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01 December 2016

New Cyber Warnings and advice

Fraudsters are sending out a high number of phishing emails to personal and business email addresses with the message subject heading ‘Crime Prevention Advice’. The email sender is potentially spoofing a Metropolitan Police email address, showing the sender as ‘’.

This attachment contains malicious content which downloads the iSPY key logger to the victim’s device. This key logger records keystrokes, steals passwords stored in web browsers and Skype conversation records, takes pictures via webcam and stores the license keys of software like Microsoft Office and Adobe Photoshop.

Fraudsters are sending out a high number of phishing emails to personal and business email addresses pretending to come from ‘donotreply’ followed by the victims’ own email extension (for example

The subject line currently is shown as a series of random numbers and letters; ‘RNP0024D5D73B3A’ and ‘KMBT_C220’ have both been seen. The emails include an attachment – a .zip file, usually with the current date followed by random digits in the file name.

These attachments typically contain a password stealing component, with the aim of stealing your bank, PayPal or other financial details along with your email or FTP (web space) log in credentials. Many of them are also designed to specifically steal your Facebook and other social network log in details.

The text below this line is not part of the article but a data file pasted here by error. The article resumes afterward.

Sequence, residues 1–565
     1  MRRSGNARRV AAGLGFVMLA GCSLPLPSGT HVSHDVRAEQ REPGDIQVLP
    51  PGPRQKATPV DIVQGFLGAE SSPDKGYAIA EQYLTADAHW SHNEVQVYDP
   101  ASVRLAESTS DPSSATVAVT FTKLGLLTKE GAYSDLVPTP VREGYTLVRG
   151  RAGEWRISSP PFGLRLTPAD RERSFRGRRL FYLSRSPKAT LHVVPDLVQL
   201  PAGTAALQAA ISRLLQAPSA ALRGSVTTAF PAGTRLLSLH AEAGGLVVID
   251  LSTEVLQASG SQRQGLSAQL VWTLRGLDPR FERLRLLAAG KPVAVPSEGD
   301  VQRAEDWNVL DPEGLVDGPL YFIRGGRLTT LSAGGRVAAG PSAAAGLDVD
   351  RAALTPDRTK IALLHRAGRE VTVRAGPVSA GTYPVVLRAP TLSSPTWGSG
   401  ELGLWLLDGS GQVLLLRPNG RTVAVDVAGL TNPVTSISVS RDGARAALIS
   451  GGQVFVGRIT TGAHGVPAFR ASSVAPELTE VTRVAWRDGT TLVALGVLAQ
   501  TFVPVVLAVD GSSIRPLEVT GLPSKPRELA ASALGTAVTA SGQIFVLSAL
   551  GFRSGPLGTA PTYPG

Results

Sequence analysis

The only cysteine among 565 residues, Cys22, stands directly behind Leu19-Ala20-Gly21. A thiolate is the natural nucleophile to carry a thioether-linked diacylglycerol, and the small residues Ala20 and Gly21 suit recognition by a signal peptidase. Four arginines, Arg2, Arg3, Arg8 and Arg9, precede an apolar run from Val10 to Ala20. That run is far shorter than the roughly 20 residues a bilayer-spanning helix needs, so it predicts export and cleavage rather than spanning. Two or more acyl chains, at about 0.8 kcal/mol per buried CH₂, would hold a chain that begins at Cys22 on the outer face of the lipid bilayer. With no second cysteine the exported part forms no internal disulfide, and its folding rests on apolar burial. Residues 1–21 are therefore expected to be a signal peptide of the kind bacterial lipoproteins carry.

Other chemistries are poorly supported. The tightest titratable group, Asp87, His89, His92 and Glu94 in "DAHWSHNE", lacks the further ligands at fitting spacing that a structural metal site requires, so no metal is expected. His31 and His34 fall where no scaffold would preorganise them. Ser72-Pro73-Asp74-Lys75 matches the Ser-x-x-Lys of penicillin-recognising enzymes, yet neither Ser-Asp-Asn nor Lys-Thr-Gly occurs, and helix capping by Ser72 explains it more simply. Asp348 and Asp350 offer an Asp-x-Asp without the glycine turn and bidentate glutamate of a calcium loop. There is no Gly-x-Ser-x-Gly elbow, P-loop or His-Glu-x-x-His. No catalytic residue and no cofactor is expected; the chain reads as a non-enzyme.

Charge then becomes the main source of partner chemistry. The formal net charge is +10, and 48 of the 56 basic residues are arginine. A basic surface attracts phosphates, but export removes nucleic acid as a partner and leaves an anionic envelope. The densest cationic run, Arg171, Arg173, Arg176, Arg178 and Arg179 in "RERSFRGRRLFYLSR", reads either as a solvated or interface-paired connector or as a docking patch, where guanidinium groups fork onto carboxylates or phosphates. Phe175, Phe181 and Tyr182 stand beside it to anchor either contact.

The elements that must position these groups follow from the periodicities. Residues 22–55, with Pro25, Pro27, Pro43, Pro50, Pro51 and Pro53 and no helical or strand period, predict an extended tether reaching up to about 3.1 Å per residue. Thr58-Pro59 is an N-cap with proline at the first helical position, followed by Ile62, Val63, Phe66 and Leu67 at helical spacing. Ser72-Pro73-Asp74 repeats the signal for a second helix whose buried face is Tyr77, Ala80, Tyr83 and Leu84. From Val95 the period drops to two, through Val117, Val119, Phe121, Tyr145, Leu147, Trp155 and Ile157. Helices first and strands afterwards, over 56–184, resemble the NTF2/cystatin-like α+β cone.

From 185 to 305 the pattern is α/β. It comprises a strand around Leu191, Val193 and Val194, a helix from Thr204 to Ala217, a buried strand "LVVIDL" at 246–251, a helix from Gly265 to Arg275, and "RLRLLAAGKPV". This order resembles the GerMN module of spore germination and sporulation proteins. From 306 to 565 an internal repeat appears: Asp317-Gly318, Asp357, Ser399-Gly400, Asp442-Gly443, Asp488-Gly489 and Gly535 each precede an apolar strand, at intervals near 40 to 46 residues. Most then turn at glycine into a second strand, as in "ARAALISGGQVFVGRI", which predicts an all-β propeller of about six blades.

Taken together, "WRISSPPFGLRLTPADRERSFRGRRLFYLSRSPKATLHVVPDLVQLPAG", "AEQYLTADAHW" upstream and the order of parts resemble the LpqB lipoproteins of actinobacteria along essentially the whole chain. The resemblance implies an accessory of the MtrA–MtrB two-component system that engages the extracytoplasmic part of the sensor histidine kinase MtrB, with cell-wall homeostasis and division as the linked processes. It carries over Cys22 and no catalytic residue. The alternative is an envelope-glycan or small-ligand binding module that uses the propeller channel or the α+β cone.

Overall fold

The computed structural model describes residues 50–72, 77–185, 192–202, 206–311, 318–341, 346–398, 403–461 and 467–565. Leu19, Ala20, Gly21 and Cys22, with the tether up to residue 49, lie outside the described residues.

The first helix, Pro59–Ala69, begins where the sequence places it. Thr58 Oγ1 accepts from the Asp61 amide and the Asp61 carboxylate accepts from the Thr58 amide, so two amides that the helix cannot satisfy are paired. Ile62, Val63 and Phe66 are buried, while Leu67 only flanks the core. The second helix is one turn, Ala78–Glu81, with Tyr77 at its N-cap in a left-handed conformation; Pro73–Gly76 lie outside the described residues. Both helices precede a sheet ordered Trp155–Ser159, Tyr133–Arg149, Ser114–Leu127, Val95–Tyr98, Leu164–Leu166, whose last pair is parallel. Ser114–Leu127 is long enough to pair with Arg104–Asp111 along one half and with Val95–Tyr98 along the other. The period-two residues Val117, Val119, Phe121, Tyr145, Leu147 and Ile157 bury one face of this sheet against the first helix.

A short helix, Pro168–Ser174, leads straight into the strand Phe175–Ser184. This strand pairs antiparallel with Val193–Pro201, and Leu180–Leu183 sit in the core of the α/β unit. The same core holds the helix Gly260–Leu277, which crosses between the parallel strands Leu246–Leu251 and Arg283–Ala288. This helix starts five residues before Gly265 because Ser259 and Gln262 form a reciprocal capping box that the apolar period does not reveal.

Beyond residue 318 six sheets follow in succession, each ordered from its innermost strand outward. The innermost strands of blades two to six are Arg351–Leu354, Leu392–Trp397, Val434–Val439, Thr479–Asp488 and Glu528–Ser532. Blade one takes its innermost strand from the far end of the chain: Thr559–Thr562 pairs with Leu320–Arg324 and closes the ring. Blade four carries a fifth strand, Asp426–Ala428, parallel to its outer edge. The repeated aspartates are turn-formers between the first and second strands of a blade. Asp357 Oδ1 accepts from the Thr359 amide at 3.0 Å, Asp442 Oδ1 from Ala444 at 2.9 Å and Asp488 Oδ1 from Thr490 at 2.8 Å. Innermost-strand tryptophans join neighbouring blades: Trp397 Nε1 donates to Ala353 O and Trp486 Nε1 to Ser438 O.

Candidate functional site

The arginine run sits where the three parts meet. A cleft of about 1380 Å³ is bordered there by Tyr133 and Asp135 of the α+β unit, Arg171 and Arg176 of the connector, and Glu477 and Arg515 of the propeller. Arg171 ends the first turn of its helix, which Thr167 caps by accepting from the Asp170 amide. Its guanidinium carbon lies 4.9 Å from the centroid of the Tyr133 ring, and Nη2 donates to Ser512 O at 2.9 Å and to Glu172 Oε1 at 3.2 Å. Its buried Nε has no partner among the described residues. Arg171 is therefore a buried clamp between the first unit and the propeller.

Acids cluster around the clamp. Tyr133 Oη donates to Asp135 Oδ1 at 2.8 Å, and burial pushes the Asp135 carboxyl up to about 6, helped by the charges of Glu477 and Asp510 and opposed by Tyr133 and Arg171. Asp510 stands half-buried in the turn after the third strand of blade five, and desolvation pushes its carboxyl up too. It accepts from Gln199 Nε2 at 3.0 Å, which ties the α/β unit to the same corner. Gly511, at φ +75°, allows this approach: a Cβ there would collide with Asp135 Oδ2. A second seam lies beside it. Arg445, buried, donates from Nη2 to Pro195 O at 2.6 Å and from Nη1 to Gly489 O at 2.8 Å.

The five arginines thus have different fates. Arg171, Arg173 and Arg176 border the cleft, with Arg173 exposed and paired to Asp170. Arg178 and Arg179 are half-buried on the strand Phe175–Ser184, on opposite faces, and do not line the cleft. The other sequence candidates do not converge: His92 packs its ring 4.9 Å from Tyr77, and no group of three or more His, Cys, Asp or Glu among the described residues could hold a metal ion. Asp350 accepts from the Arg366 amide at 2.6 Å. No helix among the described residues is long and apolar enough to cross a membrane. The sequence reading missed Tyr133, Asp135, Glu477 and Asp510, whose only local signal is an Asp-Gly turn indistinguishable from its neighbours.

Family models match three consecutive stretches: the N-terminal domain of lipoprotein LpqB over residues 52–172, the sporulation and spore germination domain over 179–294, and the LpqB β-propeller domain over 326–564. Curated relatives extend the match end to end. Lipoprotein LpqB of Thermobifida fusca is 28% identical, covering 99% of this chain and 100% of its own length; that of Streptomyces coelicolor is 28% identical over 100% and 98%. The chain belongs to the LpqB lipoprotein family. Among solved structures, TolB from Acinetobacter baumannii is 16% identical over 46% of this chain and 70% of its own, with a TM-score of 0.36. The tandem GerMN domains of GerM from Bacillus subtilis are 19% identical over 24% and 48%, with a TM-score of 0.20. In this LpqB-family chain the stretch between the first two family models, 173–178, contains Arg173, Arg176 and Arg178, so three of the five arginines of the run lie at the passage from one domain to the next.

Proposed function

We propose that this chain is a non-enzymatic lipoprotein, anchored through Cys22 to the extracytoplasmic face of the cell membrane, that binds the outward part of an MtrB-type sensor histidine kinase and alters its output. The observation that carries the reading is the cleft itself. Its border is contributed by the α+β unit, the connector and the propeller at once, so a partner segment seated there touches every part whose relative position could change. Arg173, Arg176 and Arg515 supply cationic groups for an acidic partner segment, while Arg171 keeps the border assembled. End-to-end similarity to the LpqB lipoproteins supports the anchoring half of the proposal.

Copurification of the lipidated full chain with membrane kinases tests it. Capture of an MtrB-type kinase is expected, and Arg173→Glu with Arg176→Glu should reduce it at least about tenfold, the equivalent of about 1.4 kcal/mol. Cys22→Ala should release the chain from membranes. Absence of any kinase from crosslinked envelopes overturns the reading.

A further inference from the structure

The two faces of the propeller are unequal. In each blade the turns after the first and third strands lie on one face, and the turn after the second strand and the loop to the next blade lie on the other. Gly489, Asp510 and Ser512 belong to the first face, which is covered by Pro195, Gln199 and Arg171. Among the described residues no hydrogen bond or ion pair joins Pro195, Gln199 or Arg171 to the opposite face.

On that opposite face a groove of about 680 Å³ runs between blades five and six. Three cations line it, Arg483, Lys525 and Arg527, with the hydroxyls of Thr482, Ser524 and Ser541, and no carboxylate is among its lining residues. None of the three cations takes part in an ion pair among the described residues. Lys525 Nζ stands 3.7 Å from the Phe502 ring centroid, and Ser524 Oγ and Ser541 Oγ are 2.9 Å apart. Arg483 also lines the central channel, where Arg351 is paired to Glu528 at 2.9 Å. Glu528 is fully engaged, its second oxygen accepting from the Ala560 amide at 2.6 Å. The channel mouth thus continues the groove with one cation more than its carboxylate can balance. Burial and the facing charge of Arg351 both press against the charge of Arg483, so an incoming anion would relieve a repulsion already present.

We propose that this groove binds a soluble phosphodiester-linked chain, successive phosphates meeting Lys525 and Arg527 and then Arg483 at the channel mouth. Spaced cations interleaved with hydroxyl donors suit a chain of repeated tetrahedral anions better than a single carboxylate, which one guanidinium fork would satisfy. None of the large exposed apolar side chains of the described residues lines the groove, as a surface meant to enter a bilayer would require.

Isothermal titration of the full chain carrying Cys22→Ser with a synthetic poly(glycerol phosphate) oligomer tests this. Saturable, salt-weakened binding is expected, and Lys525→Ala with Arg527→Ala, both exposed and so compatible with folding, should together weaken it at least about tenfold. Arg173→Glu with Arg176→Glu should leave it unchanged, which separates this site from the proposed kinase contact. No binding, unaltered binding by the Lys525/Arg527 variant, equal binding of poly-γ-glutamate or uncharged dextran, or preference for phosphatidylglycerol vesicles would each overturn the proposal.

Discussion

Similarly, a very high proportion also contain Locky ransomware, that once downloaded will encrypt files and demand money (typically about £350) to recover the files.


Having up-to-date virus protection is essential; however it will not always prevent you from becoming infected.

Please consider the following actions:

Don’t click on links or open any attachments you receive in unsolicited emails or SMS messages. Remember that fraudsters can ‘spoof’ an email address to make it look like one used by someone you trust. If you are unsure, check the email header to identify the true source of communication. Information on how to locate email headers can be found at

Always install software updates as soon as they become available. Whether you are updating the operating system or an application, the update will often include fixes for critical security vulnerabilities.

Most anti-virus software contains an ‘anti-spyware’ scan which may be able to detect key loggers. If your current software does not offer this function, consider installing software which does - both free and paid for anti-spyware is widely available.

Create regular backups of your important files to an external hard drive, memory stick or online storage provider. It’s important that the device you back up to is not left connected to your computer as any malware infection could spread to that device as well.

If you think your bank details have been compromised, you should immediately contact your bank.

If you have been affected by this, or any other fraud, report it to Action Fraud by calling 0300 123 2040, or visiting

Advice on when it should be reported to PSNI as a ‘Call For Service’ can be found at:


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